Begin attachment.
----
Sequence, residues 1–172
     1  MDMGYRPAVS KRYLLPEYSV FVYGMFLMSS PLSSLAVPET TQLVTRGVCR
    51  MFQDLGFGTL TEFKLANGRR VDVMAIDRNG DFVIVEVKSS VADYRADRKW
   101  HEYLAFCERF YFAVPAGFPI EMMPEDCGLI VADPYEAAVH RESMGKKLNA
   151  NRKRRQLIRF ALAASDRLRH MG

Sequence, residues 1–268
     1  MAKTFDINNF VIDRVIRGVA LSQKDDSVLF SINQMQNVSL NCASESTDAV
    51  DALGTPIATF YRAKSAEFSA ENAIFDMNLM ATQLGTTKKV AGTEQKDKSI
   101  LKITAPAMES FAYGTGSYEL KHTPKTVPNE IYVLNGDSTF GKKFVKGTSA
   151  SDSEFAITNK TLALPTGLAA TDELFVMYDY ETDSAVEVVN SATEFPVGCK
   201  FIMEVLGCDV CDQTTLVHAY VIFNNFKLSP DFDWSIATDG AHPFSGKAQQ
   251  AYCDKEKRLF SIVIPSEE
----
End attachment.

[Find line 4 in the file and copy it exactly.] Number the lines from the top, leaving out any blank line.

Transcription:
   101  HEYLAFCERF YFAVPAGFPI EMMPEDCGLI VADPYEAAVH RESMGKKLNA